Sustainability important to international tourists – new research

08 July 2019

New research shows that international visitors to New Zealand value sustainability and protecting the environment but there are gaps and opportunities for local tourism service providers to do more to promote eco-friendly practices.


New research shows that international visitors to New Zealand value sustainability and protecting the environment but there are gaps and opportunities for local tourism service providers to do more to promote eco-friendly practices.

Canterbury researchers conducted a multi-pronged study to better understand how much importance international visitors placed on sustainability and their perceptions of sustainability practices in the region. The research was led by Associate Professor Girish Prayag of the University of Canterbury’s Business School and Senior Economist Dr Peter Fieger of ChristchurchNZ, funded by a grant from the Tourism Industry New Zealand Trust.

The Canterbury researchers analysed more than 750,000 visitor reviews on websites like Trip Advisor and Expedia to see if, unprompted, visitors acknowledged or commented on sustainability practices.

“We found that visitors rarely commented on sustainability practices unprompted, and also identified there may be gaps in the market to promote more sustainability options,” says Associate Professor Prayag, Associate Head of the Management, Marketing and Entrepreneurship department at UC’s Business School.

“For example there may be an opportunity for more carbon-offsetting options or to promote the use of electric vehicles or offer more eco-friendly options. There’s an opportunity for the local tourism industry and related service providers to raise awareness of any sustainable features of their product or service.”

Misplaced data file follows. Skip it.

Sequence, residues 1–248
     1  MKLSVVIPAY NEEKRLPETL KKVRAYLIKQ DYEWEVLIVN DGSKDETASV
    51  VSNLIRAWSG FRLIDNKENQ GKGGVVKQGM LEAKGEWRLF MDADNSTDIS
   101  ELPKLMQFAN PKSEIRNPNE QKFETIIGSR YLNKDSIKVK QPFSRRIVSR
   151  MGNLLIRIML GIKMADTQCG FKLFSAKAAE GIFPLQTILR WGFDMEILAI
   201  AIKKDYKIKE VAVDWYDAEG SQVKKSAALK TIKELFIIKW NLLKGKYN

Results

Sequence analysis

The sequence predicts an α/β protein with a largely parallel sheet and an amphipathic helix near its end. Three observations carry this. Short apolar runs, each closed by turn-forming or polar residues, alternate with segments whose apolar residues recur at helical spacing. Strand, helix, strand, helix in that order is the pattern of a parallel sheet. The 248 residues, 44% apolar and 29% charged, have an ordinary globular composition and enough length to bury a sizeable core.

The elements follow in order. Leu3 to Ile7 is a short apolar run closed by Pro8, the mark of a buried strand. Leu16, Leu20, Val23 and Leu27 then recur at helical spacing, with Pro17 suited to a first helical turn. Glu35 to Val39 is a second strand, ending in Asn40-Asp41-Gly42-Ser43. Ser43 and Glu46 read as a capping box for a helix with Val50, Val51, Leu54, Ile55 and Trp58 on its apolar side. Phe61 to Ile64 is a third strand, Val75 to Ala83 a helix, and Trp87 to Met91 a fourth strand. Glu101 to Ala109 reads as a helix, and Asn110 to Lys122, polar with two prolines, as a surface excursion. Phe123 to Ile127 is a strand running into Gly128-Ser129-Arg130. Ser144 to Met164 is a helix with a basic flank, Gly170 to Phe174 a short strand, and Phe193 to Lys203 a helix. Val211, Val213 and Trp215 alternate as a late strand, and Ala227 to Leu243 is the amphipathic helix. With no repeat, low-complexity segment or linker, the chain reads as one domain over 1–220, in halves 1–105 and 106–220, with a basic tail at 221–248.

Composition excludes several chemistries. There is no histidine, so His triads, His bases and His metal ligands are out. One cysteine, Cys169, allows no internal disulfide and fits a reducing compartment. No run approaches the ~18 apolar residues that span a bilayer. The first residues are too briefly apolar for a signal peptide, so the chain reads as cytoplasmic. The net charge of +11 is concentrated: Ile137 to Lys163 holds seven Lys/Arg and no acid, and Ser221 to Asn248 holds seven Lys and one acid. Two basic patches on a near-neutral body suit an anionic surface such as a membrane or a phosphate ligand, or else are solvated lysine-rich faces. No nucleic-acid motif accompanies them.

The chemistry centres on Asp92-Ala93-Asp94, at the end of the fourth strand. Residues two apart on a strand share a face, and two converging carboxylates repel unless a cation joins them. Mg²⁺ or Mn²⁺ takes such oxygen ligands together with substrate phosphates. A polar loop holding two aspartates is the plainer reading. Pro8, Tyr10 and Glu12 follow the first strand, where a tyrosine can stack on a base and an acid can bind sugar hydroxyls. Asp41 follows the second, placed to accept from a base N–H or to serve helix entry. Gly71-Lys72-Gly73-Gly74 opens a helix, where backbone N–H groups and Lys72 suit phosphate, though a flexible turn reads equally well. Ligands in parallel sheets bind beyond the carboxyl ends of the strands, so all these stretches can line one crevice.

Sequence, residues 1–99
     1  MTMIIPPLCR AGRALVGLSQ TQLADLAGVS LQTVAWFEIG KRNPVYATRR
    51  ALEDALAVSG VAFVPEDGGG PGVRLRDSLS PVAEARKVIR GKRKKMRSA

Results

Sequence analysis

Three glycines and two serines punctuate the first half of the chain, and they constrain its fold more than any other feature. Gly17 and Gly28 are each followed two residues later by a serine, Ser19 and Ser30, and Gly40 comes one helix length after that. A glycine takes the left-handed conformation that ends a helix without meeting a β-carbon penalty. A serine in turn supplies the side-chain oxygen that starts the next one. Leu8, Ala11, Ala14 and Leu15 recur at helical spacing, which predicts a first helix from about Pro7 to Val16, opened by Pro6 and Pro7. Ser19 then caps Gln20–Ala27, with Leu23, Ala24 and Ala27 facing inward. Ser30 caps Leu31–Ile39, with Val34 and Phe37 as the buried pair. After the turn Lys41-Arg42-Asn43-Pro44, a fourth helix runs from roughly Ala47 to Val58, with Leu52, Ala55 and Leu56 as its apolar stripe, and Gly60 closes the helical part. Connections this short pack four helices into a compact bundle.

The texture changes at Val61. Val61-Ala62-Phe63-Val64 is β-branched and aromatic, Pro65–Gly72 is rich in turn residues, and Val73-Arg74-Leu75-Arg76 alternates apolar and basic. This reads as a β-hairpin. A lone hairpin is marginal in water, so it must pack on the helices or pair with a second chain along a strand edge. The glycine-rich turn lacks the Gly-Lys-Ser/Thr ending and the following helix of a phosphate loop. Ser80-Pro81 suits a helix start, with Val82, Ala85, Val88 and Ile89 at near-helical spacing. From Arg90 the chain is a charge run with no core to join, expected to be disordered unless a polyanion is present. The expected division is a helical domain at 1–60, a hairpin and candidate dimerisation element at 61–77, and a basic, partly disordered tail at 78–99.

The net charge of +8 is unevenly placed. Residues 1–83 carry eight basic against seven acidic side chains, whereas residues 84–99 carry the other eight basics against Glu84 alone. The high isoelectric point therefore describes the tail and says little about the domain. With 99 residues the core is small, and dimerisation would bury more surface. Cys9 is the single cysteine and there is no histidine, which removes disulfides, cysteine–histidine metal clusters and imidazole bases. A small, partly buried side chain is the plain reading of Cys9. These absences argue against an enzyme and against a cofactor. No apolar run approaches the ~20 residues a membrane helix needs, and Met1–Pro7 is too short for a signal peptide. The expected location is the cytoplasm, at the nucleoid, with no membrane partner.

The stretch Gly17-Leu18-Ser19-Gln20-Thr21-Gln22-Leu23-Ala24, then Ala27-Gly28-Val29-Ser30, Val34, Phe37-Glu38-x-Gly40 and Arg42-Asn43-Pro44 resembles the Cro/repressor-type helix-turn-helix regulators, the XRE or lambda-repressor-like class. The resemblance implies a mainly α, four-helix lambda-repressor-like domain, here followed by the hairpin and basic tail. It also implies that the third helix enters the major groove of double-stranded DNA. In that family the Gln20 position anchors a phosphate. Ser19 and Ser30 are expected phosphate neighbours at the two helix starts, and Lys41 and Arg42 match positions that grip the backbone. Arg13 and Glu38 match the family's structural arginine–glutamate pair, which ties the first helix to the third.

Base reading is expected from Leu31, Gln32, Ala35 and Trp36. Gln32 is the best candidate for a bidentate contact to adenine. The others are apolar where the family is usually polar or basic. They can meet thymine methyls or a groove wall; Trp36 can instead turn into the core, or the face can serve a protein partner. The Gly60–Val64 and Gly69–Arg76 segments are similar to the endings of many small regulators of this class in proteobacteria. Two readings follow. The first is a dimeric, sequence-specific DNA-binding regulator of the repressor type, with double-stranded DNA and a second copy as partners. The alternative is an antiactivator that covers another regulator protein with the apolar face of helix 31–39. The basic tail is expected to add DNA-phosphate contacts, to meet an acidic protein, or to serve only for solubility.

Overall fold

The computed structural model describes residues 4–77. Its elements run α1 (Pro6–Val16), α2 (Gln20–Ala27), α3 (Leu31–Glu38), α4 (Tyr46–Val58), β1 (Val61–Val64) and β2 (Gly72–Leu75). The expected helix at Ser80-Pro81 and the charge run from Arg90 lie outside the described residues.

Four years’ of data from the International Visitor Survey was also analysed to see if international visitors’ perceptions of New Zealand’s environmental practices had changed over time. This analysis found very little change in perceptions over the four years, Associate Professor Prayag says.

The joint study also surveyed 600 international visitors to Canterbury to ask what they thought of the sustainability practices and products they encountered on their visit to the region.

“Visitors have a generally positive attitude and a willingness to adopt sustainable practices,” ChristchurchNZ Senior Economist Peter Fieger says.

“However, Canterbury tourism businesses may need to provide or promote options for visitors to be more sustainable to enable them to align their attitude and beliefs with their behaviour.”

The researchers found that:

  • International visitors perceive themselves as placing a high value on protecting and respecting the environment.
  • Visitors tended to adopt environmentally friendly practices that were accessible or easy to do, such as using energy-saving products, switching off electrical equipment, reducing consumption of non-essential items, recycling, purchasing local food, and engaging with tourist attractions that support endangered plants and animals.
  • Practices that were less likely to be adopted included taking part in a carbon-offset scheme, using electric vehicles or other eco-friendly transport such as bikes, or buying eco-friendly products.
  • Overall, international visitors had favourable perceptions of Canterbury’s sustainability practices, including the encouragement of clean rubbish-free spaces, availability of public toilets, and recycling and waste management.

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